Beauty Link - Volume 4, Issue 3 - (Page 60)

AND THEN THERE’S COMPLIANCE ED Impacts Verification for 2012-13 and Beyond ALTHOUGH AACS strives to address general compliance updates in its quarterly publication, we realize that educational regulations and policies are continually evolving. For that reason, schools should regularly review the comprehensive list of Electronic Announcements and Dear Colleague Letters at Following is a synopsis of just some ED information impacting member schools in 2012. Back in January, the 2012-2013 Expected Family Contribution (EFC) Formula Guide (January 2012 update) was released. The updated guide incorporated changes required as a result of the Consolidated Appropriations Act, 2012, which was passed into law in December 2011. An example of the effects of the legislation include a reduction in the maximum income that makes an applicant eligible for an automatic zero EFC (auto zero EFC). Prior to this change, the income threshold for the 2012-2013 Award Year would  have been $32,000. Under the amended law that amount is $23,000. As a result, ED revised the auto zero EFC threshold to $23,000 throughout  the updated 2012-2013 EFC Formula Guide. The guide also includes the EFC tables and worksheets necessary to calculate an estimated EFC for students for 2012-2013. Compliance Update As BeautyLink went to press, the following information was made public and was explained in more detail during a July 11 Webinar: On June 30, 2012, the U.S. District Court for the District of Columbia, in the Association of Private Sector Colleges and Universities vs. Duncan, issued a decision that vacated most of the GE regulations that ED had published on October 29, 2010, and June 13, 2011, and remanded those regulations. The Department has since issued the following with regard to that ruling: "The court clearly upheld the authority to regulate college career programs, but found that the Department had not provided enough explanation of its debt repayment measure, so it has given the Department an opportunity to address that concern. We are reviewing our legal and policy options to move forward in a way that best protects students and taxpayers while advancing our national goal of helping more Americans get the skills they need to compete in the global economy." The Department is reviewing the details of the Court’s decision in consultation with the Department of Justice and evaluating appropriate next steps. Verification for 2012-13 and Beyond Verification has been required for the need based Title IV programs  since the 1986-87 award year. Institutions are very comfortable completing the required  verification process for selected students, which has required the same five data items to be verified every year: adjusted gross income (AGI), taxes paid, household size, number in college, and untaxed income, which varies from year to year. For several years ED tried to fi gure out how to help students  complete the verification process by having the IRS compare what is entered on the FAFSA to the fi led IRS tax information. Of course,  IRS privacy laws would not allow the IRS to share this information without permission from the tax fi ler, making the match almost impossible. ED was fi nally able to provide a way for the tax fi lers to retrieve the information directly from IRS and download it directly  into the FAFSA on the Web (FOTW). If the process is successful and the information is not altered, the FAA Information page will show  an IRS request fl ag=02. Should the student be selected for  verification, hardcopy tax return information is not required, and life is good!  BY PEGGY WELLISCH Although not perfect, this is a fi rst step toward  lightening the verification burden of the fi nancial aid staff. So, how does this work? In a perfect world, the student completes FOTW, links to the IRS website through the FAFSA PIN number, draws in the tax information, fi nishes the FAFSA, receives the ISIR,  verifies the household size, number in college, verifies receipt of  food stamps and child support paid (if either of these last two items are indicated on the ISIR). Sounds easy, but what are the challenges of this process? Using the IRS Data Retrieval Tool (DRT) is more complicated than indicated to the fi nancial aid community. Any student/parents that fi led a joint tax return with a fi ling status of married but who are now separated (and may have been separated for years), or married couples with a  fi ling status of married fi ling separate, will not be able to use the DRT and if selected for verification, they will have to request an IRS Tax  Transcript. No more paper tax returns are allowed. Alright, then, the student/parents are eligible to use the DRT and during the FOTW process try to retrieve the tax return information through  their 60 | B E AU TYLINK | SU R V I VAL | 2012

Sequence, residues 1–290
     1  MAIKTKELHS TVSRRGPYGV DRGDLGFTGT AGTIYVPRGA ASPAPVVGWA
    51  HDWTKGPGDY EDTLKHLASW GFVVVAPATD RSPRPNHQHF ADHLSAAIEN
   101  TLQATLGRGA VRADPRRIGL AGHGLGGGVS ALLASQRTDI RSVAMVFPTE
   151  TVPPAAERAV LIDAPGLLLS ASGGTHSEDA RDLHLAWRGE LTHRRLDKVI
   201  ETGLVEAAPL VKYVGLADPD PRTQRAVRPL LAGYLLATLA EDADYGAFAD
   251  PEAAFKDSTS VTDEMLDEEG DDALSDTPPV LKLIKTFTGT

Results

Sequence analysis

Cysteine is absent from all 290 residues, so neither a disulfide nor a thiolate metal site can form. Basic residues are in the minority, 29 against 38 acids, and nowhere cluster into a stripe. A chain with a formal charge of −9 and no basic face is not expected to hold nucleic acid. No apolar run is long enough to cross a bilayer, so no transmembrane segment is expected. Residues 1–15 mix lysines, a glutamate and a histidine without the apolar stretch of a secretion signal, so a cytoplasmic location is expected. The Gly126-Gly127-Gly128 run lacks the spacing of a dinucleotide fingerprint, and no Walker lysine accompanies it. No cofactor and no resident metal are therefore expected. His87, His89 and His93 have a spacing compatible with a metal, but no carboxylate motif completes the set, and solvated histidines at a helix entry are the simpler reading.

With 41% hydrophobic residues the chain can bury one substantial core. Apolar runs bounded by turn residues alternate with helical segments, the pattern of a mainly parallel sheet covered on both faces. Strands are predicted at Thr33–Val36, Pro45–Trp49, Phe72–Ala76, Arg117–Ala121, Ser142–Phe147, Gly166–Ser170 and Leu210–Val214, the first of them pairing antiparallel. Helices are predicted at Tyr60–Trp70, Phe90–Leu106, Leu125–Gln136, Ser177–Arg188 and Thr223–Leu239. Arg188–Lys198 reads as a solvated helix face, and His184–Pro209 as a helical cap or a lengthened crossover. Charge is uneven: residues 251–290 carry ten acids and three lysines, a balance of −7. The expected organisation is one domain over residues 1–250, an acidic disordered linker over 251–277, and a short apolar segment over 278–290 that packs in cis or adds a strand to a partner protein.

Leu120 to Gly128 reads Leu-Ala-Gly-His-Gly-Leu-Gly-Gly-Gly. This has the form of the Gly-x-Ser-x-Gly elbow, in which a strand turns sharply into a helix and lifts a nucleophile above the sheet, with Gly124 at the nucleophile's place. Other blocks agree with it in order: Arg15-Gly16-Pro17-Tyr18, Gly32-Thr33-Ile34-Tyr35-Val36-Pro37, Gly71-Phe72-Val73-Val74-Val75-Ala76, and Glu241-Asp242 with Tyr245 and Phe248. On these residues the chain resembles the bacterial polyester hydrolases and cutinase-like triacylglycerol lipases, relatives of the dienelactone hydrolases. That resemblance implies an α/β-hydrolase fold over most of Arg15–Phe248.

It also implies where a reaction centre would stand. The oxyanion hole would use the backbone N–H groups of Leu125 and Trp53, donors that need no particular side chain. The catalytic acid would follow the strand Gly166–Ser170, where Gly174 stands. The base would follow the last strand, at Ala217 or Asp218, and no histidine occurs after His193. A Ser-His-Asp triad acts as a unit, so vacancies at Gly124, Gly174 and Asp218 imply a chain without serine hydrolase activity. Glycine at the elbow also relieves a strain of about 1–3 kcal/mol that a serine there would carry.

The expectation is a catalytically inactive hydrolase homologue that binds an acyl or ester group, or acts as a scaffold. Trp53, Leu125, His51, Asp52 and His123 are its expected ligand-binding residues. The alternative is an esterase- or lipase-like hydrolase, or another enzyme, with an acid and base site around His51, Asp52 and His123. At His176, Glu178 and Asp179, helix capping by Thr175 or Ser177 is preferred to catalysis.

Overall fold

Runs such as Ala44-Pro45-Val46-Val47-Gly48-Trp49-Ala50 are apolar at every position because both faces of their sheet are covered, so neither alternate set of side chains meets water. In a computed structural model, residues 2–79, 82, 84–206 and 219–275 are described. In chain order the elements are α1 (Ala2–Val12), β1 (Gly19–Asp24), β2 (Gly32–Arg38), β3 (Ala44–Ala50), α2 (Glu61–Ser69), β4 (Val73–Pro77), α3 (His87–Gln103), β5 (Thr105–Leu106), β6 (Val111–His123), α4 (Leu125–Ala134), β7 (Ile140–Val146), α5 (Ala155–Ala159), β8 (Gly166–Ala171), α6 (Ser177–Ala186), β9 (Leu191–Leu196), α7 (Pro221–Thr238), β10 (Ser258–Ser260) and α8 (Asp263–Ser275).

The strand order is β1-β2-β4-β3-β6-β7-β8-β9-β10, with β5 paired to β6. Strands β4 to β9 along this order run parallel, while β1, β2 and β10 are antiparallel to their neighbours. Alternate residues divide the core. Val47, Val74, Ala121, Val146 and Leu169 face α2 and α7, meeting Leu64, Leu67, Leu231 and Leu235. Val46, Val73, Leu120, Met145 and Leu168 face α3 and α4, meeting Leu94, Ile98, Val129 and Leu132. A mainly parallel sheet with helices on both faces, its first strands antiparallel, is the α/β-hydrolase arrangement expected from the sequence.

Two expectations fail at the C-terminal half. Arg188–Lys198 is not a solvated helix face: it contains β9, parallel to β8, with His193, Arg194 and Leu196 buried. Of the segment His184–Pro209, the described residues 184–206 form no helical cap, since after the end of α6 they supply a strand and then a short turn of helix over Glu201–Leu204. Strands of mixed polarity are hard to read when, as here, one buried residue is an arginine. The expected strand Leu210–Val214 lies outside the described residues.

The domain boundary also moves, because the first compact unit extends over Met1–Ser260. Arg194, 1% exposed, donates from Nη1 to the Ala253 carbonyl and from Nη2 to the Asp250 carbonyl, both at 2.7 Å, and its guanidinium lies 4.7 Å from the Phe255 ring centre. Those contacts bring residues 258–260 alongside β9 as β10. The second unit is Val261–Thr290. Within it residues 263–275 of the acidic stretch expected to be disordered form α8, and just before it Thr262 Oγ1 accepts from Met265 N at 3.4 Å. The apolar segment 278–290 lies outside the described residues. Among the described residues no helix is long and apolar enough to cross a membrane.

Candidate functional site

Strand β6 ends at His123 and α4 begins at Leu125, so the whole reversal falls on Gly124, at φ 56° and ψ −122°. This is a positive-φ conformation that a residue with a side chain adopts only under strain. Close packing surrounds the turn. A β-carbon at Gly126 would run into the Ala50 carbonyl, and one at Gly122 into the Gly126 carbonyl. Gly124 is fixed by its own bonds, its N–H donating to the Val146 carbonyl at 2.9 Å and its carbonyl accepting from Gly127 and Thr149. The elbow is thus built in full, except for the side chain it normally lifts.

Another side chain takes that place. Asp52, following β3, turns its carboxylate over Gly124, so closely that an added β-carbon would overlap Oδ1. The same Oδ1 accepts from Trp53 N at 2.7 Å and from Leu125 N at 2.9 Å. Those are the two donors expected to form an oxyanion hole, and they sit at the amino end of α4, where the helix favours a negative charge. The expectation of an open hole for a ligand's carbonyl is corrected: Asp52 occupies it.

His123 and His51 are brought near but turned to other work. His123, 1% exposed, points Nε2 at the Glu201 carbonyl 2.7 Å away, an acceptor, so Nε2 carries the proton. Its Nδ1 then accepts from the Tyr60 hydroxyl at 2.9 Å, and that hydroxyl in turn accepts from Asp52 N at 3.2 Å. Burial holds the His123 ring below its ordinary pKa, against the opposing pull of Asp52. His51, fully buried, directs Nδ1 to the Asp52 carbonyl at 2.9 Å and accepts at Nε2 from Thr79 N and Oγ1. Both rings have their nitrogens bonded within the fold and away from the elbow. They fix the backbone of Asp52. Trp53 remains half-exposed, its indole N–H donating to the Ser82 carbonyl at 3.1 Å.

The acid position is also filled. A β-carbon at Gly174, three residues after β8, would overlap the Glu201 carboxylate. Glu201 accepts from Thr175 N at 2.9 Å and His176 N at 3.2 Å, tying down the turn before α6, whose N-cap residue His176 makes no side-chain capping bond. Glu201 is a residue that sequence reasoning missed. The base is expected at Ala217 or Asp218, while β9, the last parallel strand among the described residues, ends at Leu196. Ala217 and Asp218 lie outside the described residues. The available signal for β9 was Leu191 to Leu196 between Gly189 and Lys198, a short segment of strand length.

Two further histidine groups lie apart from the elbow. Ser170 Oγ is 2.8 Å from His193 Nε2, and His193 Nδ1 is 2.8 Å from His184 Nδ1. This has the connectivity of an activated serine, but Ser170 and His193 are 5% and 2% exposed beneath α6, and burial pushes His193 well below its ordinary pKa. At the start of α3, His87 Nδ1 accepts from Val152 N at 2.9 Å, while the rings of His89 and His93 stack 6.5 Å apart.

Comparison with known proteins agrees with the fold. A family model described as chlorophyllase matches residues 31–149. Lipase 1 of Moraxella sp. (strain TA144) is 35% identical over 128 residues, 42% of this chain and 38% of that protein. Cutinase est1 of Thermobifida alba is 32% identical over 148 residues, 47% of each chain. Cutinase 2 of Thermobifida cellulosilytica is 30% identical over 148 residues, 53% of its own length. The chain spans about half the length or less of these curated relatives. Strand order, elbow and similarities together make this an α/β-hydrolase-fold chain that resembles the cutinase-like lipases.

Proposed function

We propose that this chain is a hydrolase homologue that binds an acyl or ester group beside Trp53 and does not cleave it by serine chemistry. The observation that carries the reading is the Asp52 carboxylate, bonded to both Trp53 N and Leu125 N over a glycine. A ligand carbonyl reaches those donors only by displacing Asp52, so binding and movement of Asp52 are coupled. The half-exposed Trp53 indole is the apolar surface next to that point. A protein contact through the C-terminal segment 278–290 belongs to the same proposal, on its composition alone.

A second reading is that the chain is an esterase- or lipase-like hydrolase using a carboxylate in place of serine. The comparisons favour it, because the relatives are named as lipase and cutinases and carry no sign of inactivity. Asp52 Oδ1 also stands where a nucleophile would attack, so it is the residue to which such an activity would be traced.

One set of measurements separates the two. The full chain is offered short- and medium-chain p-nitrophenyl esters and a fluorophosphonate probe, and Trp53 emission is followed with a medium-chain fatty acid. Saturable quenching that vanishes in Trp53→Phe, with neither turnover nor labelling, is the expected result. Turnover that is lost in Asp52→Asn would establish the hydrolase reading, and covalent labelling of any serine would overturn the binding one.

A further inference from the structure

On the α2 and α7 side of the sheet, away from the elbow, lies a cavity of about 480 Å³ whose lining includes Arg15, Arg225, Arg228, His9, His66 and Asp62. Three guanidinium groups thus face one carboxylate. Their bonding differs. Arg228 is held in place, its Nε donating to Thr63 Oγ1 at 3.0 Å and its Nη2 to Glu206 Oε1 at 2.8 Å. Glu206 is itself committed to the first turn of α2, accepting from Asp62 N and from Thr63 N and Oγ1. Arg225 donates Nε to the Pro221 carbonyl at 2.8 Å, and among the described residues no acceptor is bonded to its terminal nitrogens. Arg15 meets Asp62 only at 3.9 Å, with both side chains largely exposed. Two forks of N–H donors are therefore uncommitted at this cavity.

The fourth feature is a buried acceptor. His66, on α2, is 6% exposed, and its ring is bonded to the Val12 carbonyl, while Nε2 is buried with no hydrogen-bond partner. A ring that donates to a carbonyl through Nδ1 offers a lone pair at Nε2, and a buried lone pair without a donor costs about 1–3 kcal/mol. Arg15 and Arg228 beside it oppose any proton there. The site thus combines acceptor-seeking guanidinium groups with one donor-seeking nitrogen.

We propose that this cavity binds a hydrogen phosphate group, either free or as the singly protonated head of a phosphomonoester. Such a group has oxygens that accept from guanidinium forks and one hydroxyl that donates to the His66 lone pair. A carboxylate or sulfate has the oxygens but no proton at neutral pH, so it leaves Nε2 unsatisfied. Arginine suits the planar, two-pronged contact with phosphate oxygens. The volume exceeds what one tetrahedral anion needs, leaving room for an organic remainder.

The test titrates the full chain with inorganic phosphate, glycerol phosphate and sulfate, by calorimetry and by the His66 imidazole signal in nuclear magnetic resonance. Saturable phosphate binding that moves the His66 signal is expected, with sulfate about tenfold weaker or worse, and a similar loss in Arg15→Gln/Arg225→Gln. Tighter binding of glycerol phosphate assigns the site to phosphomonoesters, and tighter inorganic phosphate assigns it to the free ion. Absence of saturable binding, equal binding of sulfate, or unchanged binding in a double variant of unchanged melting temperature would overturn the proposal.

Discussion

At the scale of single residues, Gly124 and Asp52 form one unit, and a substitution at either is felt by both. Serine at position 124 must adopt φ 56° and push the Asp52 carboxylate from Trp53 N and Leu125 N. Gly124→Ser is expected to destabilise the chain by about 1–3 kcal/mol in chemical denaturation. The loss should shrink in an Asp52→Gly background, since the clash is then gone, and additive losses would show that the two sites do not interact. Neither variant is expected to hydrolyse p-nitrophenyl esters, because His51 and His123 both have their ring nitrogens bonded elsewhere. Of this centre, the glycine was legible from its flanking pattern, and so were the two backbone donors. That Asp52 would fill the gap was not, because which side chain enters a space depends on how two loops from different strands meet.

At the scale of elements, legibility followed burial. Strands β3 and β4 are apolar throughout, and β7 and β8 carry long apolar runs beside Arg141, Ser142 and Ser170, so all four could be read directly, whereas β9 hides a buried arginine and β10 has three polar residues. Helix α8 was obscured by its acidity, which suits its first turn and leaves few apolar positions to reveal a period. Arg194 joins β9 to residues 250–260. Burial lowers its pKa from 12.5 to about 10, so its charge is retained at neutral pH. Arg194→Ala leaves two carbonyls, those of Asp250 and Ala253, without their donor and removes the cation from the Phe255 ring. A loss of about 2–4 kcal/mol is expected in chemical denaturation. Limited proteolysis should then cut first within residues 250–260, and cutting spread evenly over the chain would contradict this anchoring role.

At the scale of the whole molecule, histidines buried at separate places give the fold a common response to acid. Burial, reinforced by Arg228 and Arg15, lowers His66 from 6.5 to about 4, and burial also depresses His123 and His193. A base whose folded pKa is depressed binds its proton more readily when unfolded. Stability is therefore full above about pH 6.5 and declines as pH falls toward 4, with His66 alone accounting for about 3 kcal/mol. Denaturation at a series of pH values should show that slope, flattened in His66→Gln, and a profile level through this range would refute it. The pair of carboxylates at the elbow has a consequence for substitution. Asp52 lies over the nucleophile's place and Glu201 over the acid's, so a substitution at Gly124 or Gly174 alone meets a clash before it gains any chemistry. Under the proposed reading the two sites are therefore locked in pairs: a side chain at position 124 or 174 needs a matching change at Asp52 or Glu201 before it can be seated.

Table of Contents for the Digital Edition of Beauty Link - Volume 4, Issue 3

Message From the AACS President and CEA Chair
Workings Of Washington
Network, Innovate, Grow: AACS Annual Convention & Expo 2012
Attending a Convention: 10 Tips for Success
Superstar Graduates
A Teacher’s Safari: Managing the Zoo of Personalities
Sticking it Out: 10 Threats That Keep Students from Surviving and Thriving in the Real World
Step-by-Step NEW!
Data Disaster: Protecting Sensitive and Important Records
Mixing Generations in the Classroom: Can They Coexist?
Beauty Changes Lives
Every Vote Counts: Encouraging and Emphasizing the Importance of their Vote
Hip-Hop Haircuts: Curtis Smith Sets Trends
AACS Listserve Q & A
Now We’re Talking: An Education in Communication
Multicultural Corner
Health & Wellness for Educators: Tips for Being Healthy
A Student’s Perspective NEW!
And Then There’s Compliance
Remembering Two Beauty Legends
Beauty Before Boarding: Airport Salons Take Flight
Voices From the Classroom
CEA Annual Convention Photo Spread
Quiz Time: How Well Do You Know Your Association?
Associate Member Profiles: Makeup/Cosmetics
People & Places
New Products & Services
New School Members
Upcoming 2012-2013 Events
Index to Advertisers

Beauty Link - Volume 4, Issue 3